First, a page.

This all translates into a scheme that charges for use of motorways and some important dual carriageways, by means of automatic number plate recognition, as now operates seamlessly at the Dartford Tunnel, and as with French tolled roads, identifies when a vehicles joins a priced road and when it leaves. So journeys would be charged by a calculation of distance travelled multiplied by the emission charge level set for that vehicle.

The money raised from this scheme would be used to reduce or abolish Vehicle Excise Duty, and to reduce fuel duty, and would be revenue neutral once the costs of introducing the scheme and running costs had been met. A scheme introduced for lorries in the Czech Republic in 2004 paid back its capital costs in seven months.

The beauty of this approach is that it would charge for those inter-urban journeys where there is likely to be a rail or coach alternative, as is the case with most motorways, while actually cutting costs for those in remote rural areas who have no alternative but to use their cars.

In terms of van movements, road pricing would make retailers look again at whether one big vehicle can be used for long journeys in conjunction with local satellite vans, whether vehicle sharing might be possible, whether local depots need to be established, even whether rail might work.

The concept of road pricing has been embraced by a good many transport experts such as Professor David Begg. And last month Darren Shirley, chief executive of the influential Campaign for Better Transport said: “Vehicle Excise Duty and fuel duty are outdated and becoming increasingly irrelevant with the growth in electric vehicles. A national road pricing scheme based on distance travelled, level of congestion, and how polluting the vehicle is should be developed.”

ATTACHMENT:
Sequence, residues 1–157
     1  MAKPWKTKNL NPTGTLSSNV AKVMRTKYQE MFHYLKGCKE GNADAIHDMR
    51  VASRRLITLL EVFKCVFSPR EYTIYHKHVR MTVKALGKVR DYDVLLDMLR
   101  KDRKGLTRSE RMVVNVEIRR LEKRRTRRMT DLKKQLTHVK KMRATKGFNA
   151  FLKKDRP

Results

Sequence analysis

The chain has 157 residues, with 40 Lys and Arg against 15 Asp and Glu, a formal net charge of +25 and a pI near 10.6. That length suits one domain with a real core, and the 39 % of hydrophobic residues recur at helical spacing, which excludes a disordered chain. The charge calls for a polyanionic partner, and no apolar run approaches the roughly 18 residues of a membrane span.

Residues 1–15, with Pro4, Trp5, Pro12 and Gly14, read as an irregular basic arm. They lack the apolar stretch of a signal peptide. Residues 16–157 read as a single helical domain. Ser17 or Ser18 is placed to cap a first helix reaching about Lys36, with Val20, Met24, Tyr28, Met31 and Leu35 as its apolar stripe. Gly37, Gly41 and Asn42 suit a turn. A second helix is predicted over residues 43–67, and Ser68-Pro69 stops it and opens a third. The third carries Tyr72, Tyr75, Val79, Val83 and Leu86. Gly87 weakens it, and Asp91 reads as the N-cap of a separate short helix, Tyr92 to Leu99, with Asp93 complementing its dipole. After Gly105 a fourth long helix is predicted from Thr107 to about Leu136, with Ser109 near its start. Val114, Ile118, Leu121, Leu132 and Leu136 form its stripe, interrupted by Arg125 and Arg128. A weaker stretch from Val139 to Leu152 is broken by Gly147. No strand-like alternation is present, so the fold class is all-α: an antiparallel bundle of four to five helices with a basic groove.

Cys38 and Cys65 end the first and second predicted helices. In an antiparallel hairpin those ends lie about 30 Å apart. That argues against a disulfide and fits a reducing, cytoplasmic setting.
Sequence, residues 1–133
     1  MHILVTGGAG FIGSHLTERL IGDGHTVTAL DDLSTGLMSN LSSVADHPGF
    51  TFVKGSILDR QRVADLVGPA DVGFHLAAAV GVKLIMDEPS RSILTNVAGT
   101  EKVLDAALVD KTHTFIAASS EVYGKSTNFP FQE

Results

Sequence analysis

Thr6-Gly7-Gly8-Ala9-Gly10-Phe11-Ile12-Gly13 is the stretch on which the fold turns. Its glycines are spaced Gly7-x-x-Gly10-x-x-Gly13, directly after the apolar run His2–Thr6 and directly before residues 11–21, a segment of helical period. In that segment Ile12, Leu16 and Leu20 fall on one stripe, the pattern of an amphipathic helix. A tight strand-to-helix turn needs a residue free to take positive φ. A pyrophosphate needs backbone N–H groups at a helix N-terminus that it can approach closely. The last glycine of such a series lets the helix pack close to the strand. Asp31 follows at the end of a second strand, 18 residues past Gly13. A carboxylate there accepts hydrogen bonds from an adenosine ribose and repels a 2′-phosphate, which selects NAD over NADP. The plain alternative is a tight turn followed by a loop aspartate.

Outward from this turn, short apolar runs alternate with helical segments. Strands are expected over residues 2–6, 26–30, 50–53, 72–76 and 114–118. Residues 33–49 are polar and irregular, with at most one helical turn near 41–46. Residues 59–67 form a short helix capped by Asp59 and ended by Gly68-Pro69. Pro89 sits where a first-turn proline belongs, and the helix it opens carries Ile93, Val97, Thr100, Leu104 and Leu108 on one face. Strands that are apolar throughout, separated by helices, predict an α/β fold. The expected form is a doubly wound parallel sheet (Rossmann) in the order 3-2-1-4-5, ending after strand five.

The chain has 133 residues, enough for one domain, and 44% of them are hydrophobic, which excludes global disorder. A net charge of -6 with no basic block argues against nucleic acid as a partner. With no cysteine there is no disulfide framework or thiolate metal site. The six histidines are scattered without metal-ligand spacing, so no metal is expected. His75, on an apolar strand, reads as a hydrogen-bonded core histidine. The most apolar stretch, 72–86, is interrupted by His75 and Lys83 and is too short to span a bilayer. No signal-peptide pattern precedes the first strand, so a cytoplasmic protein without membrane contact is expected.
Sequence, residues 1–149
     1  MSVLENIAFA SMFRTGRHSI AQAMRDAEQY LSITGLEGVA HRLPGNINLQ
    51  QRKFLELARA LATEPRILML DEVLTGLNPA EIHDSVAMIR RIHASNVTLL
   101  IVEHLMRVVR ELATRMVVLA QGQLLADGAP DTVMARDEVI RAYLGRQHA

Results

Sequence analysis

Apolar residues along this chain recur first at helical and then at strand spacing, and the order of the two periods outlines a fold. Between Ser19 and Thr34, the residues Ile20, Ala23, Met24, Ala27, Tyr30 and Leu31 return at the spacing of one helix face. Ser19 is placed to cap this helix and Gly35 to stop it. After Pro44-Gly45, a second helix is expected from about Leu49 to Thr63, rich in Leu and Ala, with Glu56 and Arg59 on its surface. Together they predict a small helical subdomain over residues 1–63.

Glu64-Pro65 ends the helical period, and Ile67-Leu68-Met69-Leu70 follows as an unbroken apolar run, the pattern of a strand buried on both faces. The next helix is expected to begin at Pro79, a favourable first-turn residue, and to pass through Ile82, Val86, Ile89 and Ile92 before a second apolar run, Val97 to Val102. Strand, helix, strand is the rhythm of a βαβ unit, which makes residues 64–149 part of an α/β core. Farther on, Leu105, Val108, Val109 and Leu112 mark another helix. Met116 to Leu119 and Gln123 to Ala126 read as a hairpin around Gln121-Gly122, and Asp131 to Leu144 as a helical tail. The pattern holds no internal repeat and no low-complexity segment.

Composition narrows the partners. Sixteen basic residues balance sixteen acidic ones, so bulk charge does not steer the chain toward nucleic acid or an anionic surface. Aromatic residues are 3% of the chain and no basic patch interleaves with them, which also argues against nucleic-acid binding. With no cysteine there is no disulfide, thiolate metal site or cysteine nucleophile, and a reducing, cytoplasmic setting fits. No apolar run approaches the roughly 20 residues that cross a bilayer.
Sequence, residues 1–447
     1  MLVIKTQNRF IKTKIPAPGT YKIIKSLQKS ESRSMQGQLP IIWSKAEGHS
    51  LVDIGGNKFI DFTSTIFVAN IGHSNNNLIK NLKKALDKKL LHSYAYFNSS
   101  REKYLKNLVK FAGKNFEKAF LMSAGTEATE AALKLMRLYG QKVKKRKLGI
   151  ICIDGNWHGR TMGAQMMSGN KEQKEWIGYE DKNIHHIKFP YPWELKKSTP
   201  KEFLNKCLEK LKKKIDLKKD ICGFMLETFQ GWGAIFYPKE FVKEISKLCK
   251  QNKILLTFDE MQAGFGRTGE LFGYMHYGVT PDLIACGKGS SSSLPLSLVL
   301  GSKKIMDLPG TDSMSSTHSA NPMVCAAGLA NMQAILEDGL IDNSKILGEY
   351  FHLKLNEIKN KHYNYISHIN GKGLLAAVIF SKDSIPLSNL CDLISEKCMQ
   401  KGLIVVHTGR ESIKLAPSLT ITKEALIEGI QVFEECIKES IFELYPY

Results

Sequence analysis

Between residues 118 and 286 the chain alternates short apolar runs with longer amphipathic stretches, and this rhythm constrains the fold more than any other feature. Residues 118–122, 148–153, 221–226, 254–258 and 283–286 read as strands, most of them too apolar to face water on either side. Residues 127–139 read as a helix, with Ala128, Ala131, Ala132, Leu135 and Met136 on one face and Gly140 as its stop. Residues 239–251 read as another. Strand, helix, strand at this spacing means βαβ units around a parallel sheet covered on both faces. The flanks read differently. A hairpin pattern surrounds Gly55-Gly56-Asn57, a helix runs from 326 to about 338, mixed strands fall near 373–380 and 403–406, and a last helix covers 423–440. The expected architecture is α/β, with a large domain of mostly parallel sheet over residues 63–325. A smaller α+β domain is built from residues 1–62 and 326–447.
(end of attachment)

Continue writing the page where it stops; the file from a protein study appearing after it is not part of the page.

The Royal Academy of Engineering has produced a report that came out in favour, stating: “Efficient pricing offers the best value for money and strongest congestion reduction potential of any measure.”

Now the House of Commons Transport Select Committee has announced it will be holding a future inquiry into road pricing, and it is already a matter under discussion within the Treasury Select Committee.

The idea is clearly on government minds too, and not just in the Treasury.

The idea is clearly on government minds too, and not just in the Treasury. I was startled the Saturday before Christmas 2017 to see the front page of The Times revealing that the Department for Transport was working up plans for a pay-per-mile scheme on motorways (though gratified that what was floated bore an uncanny resemblance to the one I worked up in 2010). This story, which appeared from nowhere, had all the hallmarks of one deliberately given to the press to see how it landed with the public. I noted no explosion of outrage.

Road pricing is coming. So I end with one of the eternal truths of politics in this country. When the Lib Dems create or advance a radical policy, it is first ignored, then it is ridiculed, then finally it is adopted by others who claim they thought of it first. Ah well, c’est la vie.

About the author:
Norman Baker served as transport minister from May 2010 until October 2013. He was Lib Dem MP for Lewes between 1997 and 2015.

This article appears inside the latest issue of Passenger Transport.